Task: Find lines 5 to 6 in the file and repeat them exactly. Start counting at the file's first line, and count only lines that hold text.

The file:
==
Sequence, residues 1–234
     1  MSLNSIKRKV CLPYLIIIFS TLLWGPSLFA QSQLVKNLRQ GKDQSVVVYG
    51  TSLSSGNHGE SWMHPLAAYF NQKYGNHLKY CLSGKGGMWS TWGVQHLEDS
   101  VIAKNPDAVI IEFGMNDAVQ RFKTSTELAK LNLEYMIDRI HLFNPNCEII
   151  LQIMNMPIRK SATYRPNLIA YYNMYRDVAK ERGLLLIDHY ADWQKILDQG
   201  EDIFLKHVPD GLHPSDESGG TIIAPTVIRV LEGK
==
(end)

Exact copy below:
   151  LQIMNMPIRK SATYRPNLIA YYNMYRDVAK ERGLLLIDHY ADWQKILDQG
   201  EDIFLKHVPD GLHPSDESGG TIIAPTVIRV LEGK